Activist hedge funds' Assets Swell Six-fold in ten Years
With activist investors continuing to make headlines in the chemical industry, especially in the US, the struggles of Dow, DuPont and Botox producer Allergan are cases in point - the value of assets managed by activist hedge funds has surged six-fold in the past 10 years to $120 billion, according to a recently released study.
Although a tiny part of the $3 trillion hedge fund industry - including only about 165 such firms globally - the activists' often vocal criticism of company managements attracts publicity and can improve the share price performance of their targets, the report concludes.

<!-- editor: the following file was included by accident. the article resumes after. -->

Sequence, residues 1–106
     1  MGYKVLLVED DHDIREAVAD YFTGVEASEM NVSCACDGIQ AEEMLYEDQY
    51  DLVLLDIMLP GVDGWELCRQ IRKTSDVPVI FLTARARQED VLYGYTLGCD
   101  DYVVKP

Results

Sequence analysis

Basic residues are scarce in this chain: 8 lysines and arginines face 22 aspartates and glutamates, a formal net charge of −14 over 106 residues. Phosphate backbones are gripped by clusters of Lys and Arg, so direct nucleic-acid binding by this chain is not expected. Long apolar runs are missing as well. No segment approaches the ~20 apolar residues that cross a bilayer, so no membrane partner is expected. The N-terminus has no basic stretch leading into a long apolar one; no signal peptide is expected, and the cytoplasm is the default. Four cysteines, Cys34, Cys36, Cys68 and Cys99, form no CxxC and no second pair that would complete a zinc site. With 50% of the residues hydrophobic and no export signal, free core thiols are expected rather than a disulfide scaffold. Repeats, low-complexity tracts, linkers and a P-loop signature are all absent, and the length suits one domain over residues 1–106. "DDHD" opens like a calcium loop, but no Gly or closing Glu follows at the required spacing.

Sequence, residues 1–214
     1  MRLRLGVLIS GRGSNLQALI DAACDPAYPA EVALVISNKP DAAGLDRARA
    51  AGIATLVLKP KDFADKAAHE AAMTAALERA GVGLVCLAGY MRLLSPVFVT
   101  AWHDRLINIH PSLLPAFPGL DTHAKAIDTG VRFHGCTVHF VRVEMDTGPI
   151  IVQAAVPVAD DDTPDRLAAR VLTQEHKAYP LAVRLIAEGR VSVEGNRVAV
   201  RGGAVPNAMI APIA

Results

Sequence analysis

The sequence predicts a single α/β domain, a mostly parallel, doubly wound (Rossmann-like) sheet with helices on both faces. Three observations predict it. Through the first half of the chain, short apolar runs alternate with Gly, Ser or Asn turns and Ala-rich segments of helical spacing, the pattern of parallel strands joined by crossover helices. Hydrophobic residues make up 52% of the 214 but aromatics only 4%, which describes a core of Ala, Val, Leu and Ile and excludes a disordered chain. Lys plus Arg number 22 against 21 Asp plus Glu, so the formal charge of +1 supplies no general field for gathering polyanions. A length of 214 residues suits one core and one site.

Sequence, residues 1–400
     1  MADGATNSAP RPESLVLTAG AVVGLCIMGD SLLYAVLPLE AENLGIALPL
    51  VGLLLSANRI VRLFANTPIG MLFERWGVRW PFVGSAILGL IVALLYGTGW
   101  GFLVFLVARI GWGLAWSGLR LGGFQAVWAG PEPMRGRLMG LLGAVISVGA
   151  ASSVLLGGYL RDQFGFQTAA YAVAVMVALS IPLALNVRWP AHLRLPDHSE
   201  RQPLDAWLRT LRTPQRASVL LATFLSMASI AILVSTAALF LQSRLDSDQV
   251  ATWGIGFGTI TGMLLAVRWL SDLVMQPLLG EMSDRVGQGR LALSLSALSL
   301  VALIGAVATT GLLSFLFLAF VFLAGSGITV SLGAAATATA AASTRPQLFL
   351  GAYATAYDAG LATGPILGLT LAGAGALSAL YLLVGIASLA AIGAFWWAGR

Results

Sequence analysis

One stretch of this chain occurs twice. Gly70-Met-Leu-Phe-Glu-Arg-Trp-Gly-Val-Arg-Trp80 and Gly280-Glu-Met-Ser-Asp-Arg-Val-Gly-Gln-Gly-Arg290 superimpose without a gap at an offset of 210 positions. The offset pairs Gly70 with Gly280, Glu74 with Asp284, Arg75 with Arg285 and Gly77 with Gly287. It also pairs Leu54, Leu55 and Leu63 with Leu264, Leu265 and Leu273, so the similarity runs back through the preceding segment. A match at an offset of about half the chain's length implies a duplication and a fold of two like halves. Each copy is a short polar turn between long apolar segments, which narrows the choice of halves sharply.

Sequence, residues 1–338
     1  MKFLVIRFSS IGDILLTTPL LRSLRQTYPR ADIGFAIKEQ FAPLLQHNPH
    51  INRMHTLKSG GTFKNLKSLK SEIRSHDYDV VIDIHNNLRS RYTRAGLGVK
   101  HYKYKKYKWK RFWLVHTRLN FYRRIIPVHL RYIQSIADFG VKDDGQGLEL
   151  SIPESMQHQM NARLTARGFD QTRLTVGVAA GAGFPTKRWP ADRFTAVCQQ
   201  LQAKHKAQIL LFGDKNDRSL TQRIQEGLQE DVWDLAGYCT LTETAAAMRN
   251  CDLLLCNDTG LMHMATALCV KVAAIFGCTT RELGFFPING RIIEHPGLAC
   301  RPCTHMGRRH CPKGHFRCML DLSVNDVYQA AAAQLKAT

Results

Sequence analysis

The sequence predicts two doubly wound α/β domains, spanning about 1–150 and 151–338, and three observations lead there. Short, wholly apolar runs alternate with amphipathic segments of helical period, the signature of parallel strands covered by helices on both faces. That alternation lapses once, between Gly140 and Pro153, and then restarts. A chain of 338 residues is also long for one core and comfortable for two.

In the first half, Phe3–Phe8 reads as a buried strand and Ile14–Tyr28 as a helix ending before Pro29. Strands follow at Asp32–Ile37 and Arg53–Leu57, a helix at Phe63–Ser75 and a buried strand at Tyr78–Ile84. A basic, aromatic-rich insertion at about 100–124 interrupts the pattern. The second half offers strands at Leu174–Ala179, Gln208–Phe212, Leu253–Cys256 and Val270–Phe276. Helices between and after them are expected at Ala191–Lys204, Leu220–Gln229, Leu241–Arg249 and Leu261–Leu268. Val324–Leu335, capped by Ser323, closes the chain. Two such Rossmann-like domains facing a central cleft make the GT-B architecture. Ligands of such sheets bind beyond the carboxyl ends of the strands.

The study by the Alternative Investment Management Association found that activist hedge funds on average hold a stock for about two years, compared with an equities market average globally of just three months. These funds are said to have returned nearly 14% in the three years to the end of 2014, more than twice the gains in the HFRI Fund-Weighted Composite Index.
Some of the world's most famous activist investors include billionaire William Ackman of Pershing Square - which lost its bid for Allergan to Actavis - and Daniel Loeb's Third Point Management, which is still hounding Dow.
In terms of share prices, activist hedge funds have also left a positive impact on listed companies with a 25% average improvement in the two years after the funds have sold out, the study said, without passing judgment on the toll the constant fights have taken on management and the workforce.